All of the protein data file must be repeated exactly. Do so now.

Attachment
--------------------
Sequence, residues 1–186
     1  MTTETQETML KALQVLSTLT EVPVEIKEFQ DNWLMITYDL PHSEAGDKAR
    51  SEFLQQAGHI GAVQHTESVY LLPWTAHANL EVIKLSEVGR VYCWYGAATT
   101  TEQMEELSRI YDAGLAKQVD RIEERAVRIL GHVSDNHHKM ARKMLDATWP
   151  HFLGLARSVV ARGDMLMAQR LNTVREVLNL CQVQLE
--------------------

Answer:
Sequence, residues 1–186
     1  MTTETQETML KALQVLSTLT EVPVEIKEFQ DNWLMITYDL PHSEAGDKAR
    51  SEFLQQAGHI GAVQHTESVY LLPWTAHANL EVIKLSEVGR VYCWYGAATT
   101  TEQMEELSRI YDAGLAKQVD RIEERAVRIL GHVSDNHHKM ARKMLDATWP
   151  HFLGLARSVV ARGDMLMAQR LNTVREVLNL CQVQLE